The line-of-sight propagation is limited to the optical horizon and it is only about 75
miles for frequencies above 30 MHz; but it is found that in the spring or fall, or
sometimes in summer, this line-of-sight propagation extends to about 500 miles. This is
due to the presence of layer of hot, dry air above a layer of cool, moist air. The direct
waves are bent back which otherwise pass over the receiving antenna.
ARTIFICIAL COMMUNICATION SATELLITE
In case of using passive reflector to reflect VHF and UHF radio signals, large
signal loss takes place between the transmitter and the reflector and an equal
loss between the reflector and receiving station. It requires significant amount of power
to assure a strong enough signal back on earth after the reflection process has taken
effect. So, radio communication via artificial communication satellites, equipped
with active electronic circuitry, which can re-transmit the received signal with an
amplified power, was another proposition put forward by Arthur C Clarke during the 1945s.
The artificial communication satellites overcome the problems involved in radio signal to
span oceans and continents with sub-marine cables, landlines and terrestrial relay
stations, for long-distance transmission of radio, telephone and television signals. VHF
or UHF(also called microwave) travel in line-of-sight. So, the relay stations to receive,
amplify and retransmit signals must be spaced approximately 35 miles or so because of the
curvature of the earth. The cost of providing enough relay stations to encircle the world
completely would still be prohibitive.
GEO-SYNCHRONOUS EARTH ORBIT
The visionary idea put forward (1945) by
famous science fiction writer Arthur C. Clarke, that three artificial satellites spaced at
120 degrees intervals about the equator at a distance of 35,200 km above the earth
in a Geo-synchronous Earth Orbit (GEO) would effectively cover the entire globe, soon
became a reality. This orbit is called the "Clarke orbit". A GEO
satellite revolves round the Earth at the same speed as the Earth rotates around its axis
and thus the satellite's position remains static relative to an area on the Earth.
Entertaining Electronics by E. Sedov
India's INSAT series of satellites are GEO satellites. Because of their high
altitude, they require high transmission power for communication as a
result of which the land based GEO transmission units are heavy and consequently
unsuitable for mobile users. Another drawback resulting from the high altitude is
called latency. As the distance between the satellite and the land-based
transmitter-receiver is large, radio signals take time to travel from Earth to satellite
and back, resulting in a time lag of 0.24 seconds, a time lag unacceptable in interactive
communication. That is why GEO satellites are used in non-interactive radio
communication such as the Television.
LOW EARTH ORBIT
Nowadays, a constellation of 66 orbiting communication satellites (known as IRIDIUM)
exists just 780 km above the surface of the Earth classified as Low
Earth Orbiting (LEO) satellites. Because of their lower altitude, latency (time
lag) is almost negligible and user-devices do not have to be very powerful or bulky.
Cellular & mobile phones also utilise frequencies in the UHF range and a city with
cellular facility is divided into some small cells-each cell having its own relay station.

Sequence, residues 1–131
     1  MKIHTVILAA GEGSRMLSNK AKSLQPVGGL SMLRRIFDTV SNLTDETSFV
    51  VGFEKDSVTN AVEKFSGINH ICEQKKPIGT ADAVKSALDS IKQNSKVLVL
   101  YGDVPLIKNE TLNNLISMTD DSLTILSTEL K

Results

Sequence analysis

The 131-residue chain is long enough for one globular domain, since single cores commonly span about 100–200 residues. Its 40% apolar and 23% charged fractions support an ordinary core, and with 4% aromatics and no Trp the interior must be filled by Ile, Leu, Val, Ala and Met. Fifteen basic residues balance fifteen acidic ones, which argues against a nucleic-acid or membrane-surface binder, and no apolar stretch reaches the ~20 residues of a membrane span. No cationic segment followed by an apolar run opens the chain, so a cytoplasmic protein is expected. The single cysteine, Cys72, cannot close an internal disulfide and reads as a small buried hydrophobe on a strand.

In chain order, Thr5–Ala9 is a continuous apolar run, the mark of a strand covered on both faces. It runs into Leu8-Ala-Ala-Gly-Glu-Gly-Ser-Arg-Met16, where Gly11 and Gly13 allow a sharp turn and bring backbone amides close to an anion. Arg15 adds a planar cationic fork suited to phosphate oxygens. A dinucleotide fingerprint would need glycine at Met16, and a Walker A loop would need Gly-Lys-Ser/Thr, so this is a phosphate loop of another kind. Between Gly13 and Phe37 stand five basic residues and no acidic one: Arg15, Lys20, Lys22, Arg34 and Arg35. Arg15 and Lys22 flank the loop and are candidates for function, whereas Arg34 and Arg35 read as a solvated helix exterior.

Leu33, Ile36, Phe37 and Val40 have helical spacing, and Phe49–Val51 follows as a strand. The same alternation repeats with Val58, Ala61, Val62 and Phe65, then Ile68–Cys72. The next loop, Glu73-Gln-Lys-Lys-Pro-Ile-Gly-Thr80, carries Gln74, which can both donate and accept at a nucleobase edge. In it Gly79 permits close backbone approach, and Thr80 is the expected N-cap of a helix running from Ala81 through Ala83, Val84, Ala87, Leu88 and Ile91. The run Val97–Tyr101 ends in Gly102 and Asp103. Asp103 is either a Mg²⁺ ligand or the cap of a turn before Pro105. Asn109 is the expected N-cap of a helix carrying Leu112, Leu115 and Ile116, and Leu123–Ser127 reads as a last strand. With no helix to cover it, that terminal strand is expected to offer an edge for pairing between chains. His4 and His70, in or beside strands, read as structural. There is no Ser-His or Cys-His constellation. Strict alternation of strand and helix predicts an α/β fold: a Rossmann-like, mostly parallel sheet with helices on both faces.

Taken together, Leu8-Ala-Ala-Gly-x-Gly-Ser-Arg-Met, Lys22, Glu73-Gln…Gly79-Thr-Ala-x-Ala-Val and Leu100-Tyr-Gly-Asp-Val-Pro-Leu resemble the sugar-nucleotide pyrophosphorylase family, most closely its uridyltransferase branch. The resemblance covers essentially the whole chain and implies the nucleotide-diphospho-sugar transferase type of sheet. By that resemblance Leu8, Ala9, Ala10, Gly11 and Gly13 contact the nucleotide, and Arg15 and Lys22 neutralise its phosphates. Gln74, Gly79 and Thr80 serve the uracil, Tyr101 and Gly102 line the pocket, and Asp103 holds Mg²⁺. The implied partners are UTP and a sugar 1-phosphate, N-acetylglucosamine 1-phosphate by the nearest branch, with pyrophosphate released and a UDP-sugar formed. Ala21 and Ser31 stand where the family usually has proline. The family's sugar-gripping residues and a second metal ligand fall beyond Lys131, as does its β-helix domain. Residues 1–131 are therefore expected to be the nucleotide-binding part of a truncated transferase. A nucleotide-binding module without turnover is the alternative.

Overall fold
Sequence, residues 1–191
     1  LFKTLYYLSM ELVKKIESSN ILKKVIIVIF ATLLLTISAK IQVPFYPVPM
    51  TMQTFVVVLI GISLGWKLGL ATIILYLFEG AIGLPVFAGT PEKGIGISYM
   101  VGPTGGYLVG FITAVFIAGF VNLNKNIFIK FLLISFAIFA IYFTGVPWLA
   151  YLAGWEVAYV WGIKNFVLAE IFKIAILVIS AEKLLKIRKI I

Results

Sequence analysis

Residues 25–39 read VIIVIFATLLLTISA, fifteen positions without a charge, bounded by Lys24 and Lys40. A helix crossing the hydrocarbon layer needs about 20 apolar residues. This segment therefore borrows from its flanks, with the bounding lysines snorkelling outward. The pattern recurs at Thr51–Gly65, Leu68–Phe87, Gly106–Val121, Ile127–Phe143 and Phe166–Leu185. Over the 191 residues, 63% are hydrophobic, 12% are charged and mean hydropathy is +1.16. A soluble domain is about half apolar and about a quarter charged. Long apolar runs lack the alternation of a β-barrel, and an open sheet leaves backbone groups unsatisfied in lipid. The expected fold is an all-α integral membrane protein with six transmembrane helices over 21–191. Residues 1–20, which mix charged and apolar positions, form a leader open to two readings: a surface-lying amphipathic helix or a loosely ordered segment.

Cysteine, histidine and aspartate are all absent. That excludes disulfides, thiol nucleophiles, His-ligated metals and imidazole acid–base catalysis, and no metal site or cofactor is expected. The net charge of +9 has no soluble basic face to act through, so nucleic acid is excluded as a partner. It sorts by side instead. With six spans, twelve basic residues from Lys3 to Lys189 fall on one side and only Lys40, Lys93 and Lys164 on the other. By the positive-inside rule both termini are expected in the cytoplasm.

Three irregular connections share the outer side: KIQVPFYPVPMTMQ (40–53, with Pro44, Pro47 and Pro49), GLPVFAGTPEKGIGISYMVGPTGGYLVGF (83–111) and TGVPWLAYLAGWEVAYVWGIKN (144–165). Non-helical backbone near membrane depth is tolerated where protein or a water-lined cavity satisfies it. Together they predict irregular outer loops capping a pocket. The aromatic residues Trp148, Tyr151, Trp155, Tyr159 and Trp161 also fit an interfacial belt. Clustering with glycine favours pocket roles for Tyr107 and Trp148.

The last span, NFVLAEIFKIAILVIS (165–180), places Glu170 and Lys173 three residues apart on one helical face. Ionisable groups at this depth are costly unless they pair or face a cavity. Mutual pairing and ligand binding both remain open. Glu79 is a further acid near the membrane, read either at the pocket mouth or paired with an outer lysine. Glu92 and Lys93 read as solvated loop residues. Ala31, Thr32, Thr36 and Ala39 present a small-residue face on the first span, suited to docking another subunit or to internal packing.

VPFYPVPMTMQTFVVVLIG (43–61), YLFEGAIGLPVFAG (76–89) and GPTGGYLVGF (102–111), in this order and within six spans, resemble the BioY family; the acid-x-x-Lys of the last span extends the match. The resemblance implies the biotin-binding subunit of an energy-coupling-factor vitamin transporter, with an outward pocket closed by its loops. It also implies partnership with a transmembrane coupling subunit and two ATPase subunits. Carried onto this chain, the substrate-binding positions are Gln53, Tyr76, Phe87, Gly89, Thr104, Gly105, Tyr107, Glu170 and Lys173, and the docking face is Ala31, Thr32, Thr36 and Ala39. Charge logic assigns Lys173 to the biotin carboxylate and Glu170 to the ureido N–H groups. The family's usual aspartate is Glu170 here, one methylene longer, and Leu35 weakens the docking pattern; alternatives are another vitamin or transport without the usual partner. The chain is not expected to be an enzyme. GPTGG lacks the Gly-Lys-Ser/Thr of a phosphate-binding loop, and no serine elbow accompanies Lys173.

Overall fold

The First proclaimed Radio Amateur (HAM), Guglielmo Marconi was not using VHF or
UHF for his famous Trans-Atlantic radio communication experiment nor was he employing any
artificial relay mechanism. Yet his radio signal traveled half the world. Marconi's
wireless transmitter powered by 2,000 volts from a generator driven by a 32 horsepower
petrol engine pumped out 25,000 watts (25 KW) of power at a carrier frequency of about 328
kHz (Kilo Hertz). Alternately. the wavelength of the radio frequency used was
approximately 915 metres. The formula to calculate wavelength of an electromagnetic wave
is Wavelength in metres = 300/frequency In Mega Hertz. The dial of a radio receiver also
marks either wavelength or frequencies or both.
On frequencies below 30 MHz, long distance radio communication is the result of
refraction (bending) of the wave in the ionosphere. Oliver Heaviside
in England and A.E. Kennally in America,in 1902, suggested that there
must be some kind of reflecting medium in the upper atmosphere that caused the radio waves
to be returned to Earth at considerable distances from the transmitter. Under the action
of solar radiation and the hail of meteorites, an ionised layer is formed in the upper
part of the Earth's atmosphere. In this layer, the neutral air molecules are decomposed
into ions and electrons and the whole layer presents a chaos of charged particles.
Short wave or High Frequencies (HF) in the range of 3-30 MHz propagates
through this invisible layer which consists of charged particles located at altitudes of
between 250 and 400 km in the atmosphere surrounding the Earth. This layer of
charged air particles called F2 layer of the ionosphere plays
a vital role in HF propagation by reflecting or refracting the HF signals back to Earth.
The ionosphere has got different sub-layers. The lowest is D-layer at
altitudes ranging from 50 to 90 km. High frequencies (3-30 MHz) penetrate
this layer, while low frequency (LF: 30-300 kHz) or medium waves are absorbed by this
layer. To some extent LF and Very Low Frequency (VLF: 3 to 30 kHz) are reflected during
daytime. It slightly scatter and absorbs HF. This layer subsists only during daytime.